Amish Oatmeal Cake Recipe
This light and moist Amish oatmeal cake was one of our family's favorite cake recipes. My Amish mom baked this cake many times, and we all loved it.
It's another one of those recipes that I hadn't made in a while, and I forgot how good this oatmeal cake with coconut frosting is.
The addition of oatmeal to a cake may sound strange, but it makes it incredibly moist and gives it the perfect texture.
It is uniquely delicious! And I think the best part is the coconut/pecan topping that gets broiled at the end. It adds a sweet crunch that pairs so well with the extra moist oatmeal cake.
Lazy Daisy Oatmeal Cake
This oatmeal cake recipe is sometimes also known as Lazy Daisy Oatmeal Cake.
I don't know where it had its origin. But it appears to have been a popular cake in the 1920s and 30s.
It's an old-fashioned oatmeal cake recipe that's been passed down for generations. And a variation of this recipe even found its way onto Quaker oat containers.
I don't think there's any record of where the name "Lazy Daisy Oatmeal Cake" came from. But it's quite possible that it has to do with the fact that this oatmeal cake is very easy and quick to make.
So if you're feeling lazy, but you want to make a quick cake, you've come to the right place. 🙂
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Oatmeal Cake with Broiled Coconut Topping
In case you're not familiar with using a broiler, Whirlpool gives a good explanation and instructions on how to use it.
A broiler is an element in your oven – usually located near the top – that provides high, direct heat much like a grill. Broiling places food close to your oven's heating element so that it can quickly cook, brown, or caramelize. This can give food more complex flavors or help you achieve certain textures.
My mom had a gas stove and her broiler was in the drawer under the oven. But no matter where it's located, your oven should have a broiling element. And it's easy to use.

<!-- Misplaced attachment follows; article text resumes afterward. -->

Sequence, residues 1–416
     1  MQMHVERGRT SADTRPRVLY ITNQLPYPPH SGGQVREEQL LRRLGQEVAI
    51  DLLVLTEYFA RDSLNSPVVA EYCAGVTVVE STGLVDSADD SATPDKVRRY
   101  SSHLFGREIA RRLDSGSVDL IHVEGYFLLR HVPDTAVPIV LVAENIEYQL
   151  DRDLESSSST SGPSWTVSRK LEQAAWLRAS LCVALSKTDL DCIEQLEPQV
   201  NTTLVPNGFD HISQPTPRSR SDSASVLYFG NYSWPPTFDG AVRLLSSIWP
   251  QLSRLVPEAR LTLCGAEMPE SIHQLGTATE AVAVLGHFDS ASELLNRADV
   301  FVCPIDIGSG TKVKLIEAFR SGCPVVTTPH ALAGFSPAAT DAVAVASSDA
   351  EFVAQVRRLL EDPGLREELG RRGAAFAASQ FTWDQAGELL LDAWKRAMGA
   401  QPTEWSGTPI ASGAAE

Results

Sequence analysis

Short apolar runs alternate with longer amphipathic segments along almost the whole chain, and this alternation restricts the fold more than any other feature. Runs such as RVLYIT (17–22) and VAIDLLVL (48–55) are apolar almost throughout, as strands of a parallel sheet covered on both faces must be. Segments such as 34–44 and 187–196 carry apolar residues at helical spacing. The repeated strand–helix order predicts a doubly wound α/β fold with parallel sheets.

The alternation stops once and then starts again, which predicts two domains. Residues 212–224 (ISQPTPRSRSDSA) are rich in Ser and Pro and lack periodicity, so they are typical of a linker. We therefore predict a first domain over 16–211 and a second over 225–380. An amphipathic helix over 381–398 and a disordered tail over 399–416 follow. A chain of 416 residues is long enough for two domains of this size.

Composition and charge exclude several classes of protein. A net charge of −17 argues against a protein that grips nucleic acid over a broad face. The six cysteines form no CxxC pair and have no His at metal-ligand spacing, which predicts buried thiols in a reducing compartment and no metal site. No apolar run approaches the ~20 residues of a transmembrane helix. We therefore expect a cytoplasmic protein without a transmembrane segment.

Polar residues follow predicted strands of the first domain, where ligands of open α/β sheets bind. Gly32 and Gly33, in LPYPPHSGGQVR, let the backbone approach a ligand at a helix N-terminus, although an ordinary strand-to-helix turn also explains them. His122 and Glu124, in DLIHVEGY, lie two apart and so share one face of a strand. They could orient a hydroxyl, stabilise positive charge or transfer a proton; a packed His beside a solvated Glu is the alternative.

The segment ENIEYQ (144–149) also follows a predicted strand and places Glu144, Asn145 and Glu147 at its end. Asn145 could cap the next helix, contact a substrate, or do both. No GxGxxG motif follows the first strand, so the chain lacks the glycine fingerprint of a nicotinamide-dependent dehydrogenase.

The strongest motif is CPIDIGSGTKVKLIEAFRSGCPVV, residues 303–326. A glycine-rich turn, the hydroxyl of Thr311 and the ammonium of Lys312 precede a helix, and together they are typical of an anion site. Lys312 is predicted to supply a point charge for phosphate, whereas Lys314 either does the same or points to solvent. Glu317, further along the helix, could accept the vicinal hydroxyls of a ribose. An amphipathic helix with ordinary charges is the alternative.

But you will need to make sure that you use a broiler-safe baking dish to bake your cake. Most glass dishes are not considered to be broiler-safe.
Once your cake is finished baking, turn off the oven and set the broiler to low.
Spread the topping over the cake and place it under the broiler for about 2 - 4 minutes until browned. But keep your eye on it because it can quickly burn.
Variations to this Recipe:
• Use rolled oats instead of quick oats.
• Use shortening instead of butter.
• If you don’t have nutmeg on hand, feel free to leave it out.
• You can use 3/4 cup of white flour and 3/4 cup of whole wheat flour instead of all white.
• Try adding raisins or chocolate chips to the cake, if you want to change things up.
• If you aren’t a fan of coconut, simply leave it out.
• Use walnuts or sliced almonds in the topping instead of pecans.
• And if you don’t like nuts or have a nut allergy, they can be omitted too.
• If you want a thicker cake, you can bake it in a deep 9" square pan instead.
Can I Freeze Oatmeal Cake?
This old-fashioned oatmeal cake freezes well.
Once cooled, cut the cake and transfer some of the pieces to an airtight container and freeze it for up to a couple of months. Remove from the freezer and thaw at room temperature before serving.
More Amish Cake Recipes you may want to try...
Amish Oatmeal Cake Recipe with Coconut Frosting
- 1 1/2 c. boiling water
- 1 c. quick oats
- 1/2 c. softened butter or shortening
- 3/4 c. white sugar
- 3/4 c. brown sugar
- 2 large eggs
- 1 tsp. vanilla extract
- 1 1/2 c. all-purpose flour
- 1 1/2 tsp. cinnamon
- 1 tsp. baking soda
- 1/2 tsp. salt
- 1/2 tsp. ground nutmeg
- 6 Tbsp. melted butter
- 2/3 c. brown sugar
- 1/4 c. heavy cream
- 1 c. unsweetened coconut flakes
- 1 c. chopped pecans
- 1 tsp. vanilla extract
- Preheat the oven to 350°.
- Pour the boiling water over the oatmeal. Stir and let it set for at least 15 minutes, while you mix the rest of the ingredients1 1/2 c. boiling water, 1 c. quick oats
- In a large mixing bowl, cream the butter and sugars. Beat well.1/2 c. softened butter or shortening, 3/4 c. white sugar, 3/4 c. brown sugar
- Add the eggs and vanilla and mix until creamy.2 large eggs, 1 tsp. vanilla extract
- Add the oatmeal mixture and mix.
- In a separate bowl, mix the flour, cinnamon, soda, salt, and nutmeg. Add to the creamed mixture and stir to combine.1 1/2 c. all-purpose flour, 1 1/2 tsp. cinnamon, 1 tsp. baking soda, 1/2 tsp. salt, 1/2 tsp. ground nutmeg
- Pour it into a greased 9x13" metal pan (or any 9x13" broiler-proof pan) and bake for 30 -35 minutes at 350°. A toothpick inserted in the center should only have a few crumbs.
- While the cake is still hot from the oven, evenly spread the topping mixture over the top. Turn the broiler to low heat and place the cake pan about six inches below the broiler. Broil for about 2 - 3 minutes or until lightly browned. Make sure to keep your eye on it because it can burn quickly.
- Cool and enjoy! Store in an airtight container for up to 4 days. You can also freeze some for later.
- In a medium saucepan, melt the butter.6 Tbsp. melted butter
- Add the brown sugar and cream. Whisk and bring to a rolling boil.2/3 c. brown sugar, 1/4 c. heavy cream
- Remove from the heat and add the coconut, pecans, and vanilla. Mix well.1 c. unsweetened coconut flakes, 1 c. chopped pecans, 1 tsp. vanilla extract
- Spread over the top of the hot cake and broil to lightly brown.